It’s almost counter-intuitive, the practice of putting a material like wood—which has issues with humidity and expansion—in a place that’s constantly getting wet, like a bathroom, kitchen, or even the exterior of a building. But with careful detailing and a thoughtful selection of proper species, wood can actually be an ideal material for nearly any location, wet or dry. Here, we take a look at five places where the use of wood might seem taboo at first, and we’ll delve into why wood is actually a good choice for that space or location.
Wood Shingles and Siding
You’ve probably seen wood siding on the exterior of homes before, and if you really scrutinize the practice, it does seem odd. Why put wood on the outside of a building, and not even coat it with paint? How does it resist rot and decay when it’s constantly being exposed to rain and snow? The truth is that not all woods are appropriate for exterior siding, but the group of wood species we refer to as cedar is a common exception.
Cedar is actually a group of more than a dozen different species of trees that belong to different families, and they tend to share similar characteristics of being resistant to rot and decay because of the “resins” or “extractives” in the wood, which are naturally occurring chemicals produced by the tree. This means that there’s no need to stain, paint, or pre-treat the wood to make it resistant to rot, but the wood does weather and change in color, aging to a more grayish tone as opposed to the reddish or brown tones the shingles start their lives as. That doesn’t mean that unpainted wood shingles will never rot, but in concert with appropriate detailing and installation, like overlapping each shingle so that water drains down off the shingle rather than trapping water underneath it, cedar siding can last decades.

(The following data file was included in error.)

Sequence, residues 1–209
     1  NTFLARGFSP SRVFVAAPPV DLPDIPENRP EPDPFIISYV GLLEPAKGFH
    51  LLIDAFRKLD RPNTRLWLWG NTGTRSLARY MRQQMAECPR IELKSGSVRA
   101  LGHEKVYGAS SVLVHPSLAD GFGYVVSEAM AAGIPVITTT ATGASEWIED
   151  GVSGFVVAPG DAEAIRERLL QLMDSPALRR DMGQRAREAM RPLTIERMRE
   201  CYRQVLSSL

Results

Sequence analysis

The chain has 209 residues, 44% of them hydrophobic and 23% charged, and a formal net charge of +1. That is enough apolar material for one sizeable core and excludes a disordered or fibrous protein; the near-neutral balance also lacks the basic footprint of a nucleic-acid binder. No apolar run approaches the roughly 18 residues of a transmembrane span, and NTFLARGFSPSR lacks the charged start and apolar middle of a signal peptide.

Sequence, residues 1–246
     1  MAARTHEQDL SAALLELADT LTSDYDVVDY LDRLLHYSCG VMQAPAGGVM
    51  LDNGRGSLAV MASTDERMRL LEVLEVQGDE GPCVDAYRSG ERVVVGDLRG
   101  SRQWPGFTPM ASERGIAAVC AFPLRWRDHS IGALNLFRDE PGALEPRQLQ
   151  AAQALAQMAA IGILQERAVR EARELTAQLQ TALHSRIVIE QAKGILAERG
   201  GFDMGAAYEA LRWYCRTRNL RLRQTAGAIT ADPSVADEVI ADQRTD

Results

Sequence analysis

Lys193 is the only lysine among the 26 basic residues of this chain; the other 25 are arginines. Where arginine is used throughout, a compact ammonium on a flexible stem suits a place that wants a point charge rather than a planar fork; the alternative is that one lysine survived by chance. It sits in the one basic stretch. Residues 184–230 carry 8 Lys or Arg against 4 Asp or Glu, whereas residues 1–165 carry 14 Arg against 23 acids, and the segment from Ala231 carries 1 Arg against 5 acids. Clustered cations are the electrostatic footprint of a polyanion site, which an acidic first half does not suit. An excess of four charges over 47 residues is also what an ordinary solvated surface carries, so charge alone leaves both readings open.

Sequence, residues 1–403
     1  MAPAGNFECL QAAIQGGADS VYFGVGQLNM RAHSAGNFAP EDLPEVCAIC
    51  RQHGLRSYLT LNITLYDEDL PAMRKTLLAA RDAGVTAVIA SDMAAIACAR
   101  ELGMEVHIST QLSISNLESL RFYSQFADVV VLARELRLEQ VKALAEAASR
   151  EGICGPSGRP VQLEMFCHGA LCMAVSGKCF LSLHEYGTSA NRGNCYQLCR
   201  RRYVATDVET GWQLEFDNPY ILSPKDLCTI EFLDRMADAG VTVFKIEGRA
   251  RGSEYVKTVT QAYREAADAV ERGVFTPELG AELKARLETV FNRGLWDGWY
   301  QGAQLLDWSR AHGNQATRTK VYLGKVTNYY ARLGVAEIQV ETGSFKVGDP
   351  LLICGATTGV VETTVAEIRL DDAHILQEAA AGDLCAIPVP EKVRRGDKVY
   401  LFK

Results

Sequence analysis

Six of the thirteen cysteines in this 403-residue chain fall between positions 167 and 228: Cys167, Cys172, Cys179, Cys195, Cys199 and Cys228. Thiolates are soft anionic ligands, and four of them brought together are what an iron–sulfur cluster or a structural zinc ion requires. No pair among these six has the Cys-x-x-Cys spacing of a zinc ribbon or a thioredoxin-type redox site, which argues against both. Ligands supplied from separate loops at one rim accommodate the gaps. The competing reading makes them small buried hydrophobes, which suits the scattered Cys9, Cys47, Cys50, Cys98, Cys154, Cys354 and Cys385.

Using wood siding or shingles on the roof can seem even more counter-intuitive than using wood siding. However, similar principles apply here too: you want to make sure you’re using a type of wood that’s resistant to moisture, and that the wood is installed or applied in the correct manner.
Wood roofs are less common than wood siding, but in colonial America, they were the most common type of roofing material. Today, they’re still used, especially in projects that want to achieve a traditional-meets-modern feel or in areas where cedar is easy to obtain and relatively inexpensive. Wood roofing is also seen as more sustainably oriented than other materials. This is because wood is a renewable resource and cedar roof shingles have a relatively long life of more than 60 years (when cared for and maintained). For example, if a wood roof does start to exhibit signs of mildew or moss, you can buy exterior spray applications than can be applied to remedy the issue.
Wooden Kitchen Countertops
Compared to more durable materials like stone, wood countertops might seem inadequate and even inappropriate, especially if they’re used around a sink area, where water is constantly splashing over the edge and pots and pans tend to pile up. However, countertops made out of wood like butcher block (a laminated piece of hardwood) have successfully been used for centuries. Wood countertops, whether they’re made of solid wood like large slabs of walnut or a classic maple butcher block, can create a warm, natural feel in a kitchen and can reduce the noise of pots and pans landing on the countertop.